When should you replace the portable gas detection sensor?
Portable gas detectors are gas detectors worn or carried by individuals. Battery-powered, portable detectors are typically used for toxic or flammable gas detection, as well as airspace monitoring for confined spaces. So how do you know if the detector is doing their job? This is largely related to calibration. However, it is also related to gas sensors.
How does a portable gas detector work?
Gas detectors can save lives. They ensure workplace safety by alerting workers to the presence of toxic gases, the presence of flammable gases, and lack of oxygen in specific areas.
Gas detectors can remind employees of the following things:
Combustible gas (methane, propane, etc.)
Toxic gases (carbon monoxide, hydrogen sulfide, ammonia, chlorine, etc.)
If any of these gases or chemicals reach an unsafe level, the detector's warning signal will be activated. Gas detectors are usually equipped with three warning signals: vibration, flash and audible alarms.
View Portable Gas Detection Equipments
According to its sensor configuration, suitable gas detection equipment can help identify hazards and protect your employees.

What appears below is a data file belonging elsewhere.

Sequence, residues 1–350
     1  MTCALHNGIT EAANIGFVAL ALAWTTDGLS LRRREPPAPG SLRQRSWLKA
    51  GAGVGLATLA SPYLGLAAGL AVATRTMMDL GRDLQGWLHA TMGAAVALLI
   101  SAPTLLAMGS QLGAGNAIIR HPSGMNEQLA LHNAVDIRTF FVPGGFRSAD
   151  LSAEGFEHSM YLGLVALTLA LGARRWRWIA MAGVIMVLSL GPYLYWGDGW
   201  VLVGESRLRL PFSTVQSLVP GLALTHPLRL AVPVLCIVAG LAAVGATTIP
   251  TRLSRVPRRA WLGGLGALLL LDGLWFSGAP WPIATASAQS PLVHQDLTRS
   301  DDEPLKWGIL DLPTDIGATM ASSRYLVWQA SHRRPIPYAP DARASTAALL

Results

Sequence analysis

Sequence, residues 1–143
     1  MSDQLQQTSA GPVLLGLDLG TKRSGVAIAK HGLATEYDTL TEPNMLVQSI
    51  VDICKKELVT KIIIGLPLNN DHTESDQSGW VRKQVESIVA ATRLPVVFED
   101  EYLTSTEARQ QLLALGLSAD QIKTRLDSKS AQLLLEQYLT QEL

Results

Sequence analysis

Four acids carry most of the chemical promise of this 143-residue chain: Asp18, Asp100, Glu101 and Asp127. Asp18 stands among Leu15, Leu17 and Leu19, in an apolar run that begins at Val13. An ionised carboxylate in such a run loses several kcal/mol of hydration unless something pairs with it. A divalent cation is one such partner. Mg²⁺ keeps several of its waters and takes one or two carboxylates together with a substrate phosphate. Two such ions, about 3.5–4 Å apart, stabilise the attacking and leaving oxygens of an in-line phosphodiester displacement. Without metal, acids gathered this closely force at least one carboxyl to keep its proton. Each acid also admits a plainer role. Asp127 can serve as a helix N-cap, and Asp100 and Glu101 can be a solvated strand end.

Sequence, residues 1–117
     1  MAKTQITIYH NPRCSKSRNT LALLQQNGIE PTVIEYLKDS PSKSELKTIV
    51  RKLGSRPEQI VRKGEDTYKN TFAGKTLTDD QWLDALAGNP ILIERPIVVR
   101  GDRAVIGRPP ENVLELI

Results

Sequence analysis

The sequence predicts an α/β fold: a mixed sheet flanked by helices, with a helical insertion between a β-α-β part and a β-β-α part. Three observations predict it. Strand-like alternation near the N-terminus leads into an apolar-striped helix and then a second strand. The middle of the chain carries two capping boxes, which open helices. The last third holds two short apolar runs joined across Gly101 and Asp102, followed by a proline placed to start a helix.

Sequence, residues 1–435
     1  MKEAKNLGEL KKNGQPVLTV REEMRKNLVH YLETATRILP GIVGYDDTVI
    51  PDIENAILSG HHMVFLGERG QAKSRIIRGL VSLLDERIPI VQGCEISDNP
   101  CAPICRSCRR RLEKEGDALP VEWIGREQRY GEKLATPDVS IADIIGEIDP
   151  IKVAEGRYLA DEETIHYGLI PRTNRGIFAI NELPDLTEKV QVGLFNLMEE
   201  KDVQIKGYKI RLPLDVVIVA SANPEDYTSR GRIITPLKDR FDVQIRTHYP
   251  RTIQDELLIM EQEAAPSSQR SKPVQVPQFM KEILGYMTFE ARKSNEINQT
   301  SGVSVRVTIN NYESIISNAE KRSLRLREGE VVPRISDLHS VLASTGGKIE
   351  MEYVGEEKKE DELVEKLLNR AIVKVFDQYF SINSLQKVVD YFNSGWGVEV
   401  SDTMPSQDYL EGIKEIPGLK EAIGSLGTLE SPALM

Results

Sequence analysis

For combustible gases, portable gas detectors use catalytic oxidation, semiconductor sensors or infrared sensors.
For toxic gases, most portable gas detectors use electrochemical detectors and others use metal oxide semiconductors.
How often should I replace the sensor in the gas detector?
When their sensors no longer work as they should, replace it
There is no official standard to follow, but usually the calibration/maintenance time depends on the application. If it is an office application, it should be no problem to check the sensor once a year. If the application is in any type of industrial environment, then quarterly inspections should be conducted. As long as your sensor calibration is successful, you can continue to use them.
- >>Previous: How to better understand your portable LPG gas leak detector
- >>Next: Laser handheld methane detector for underground gas pipeline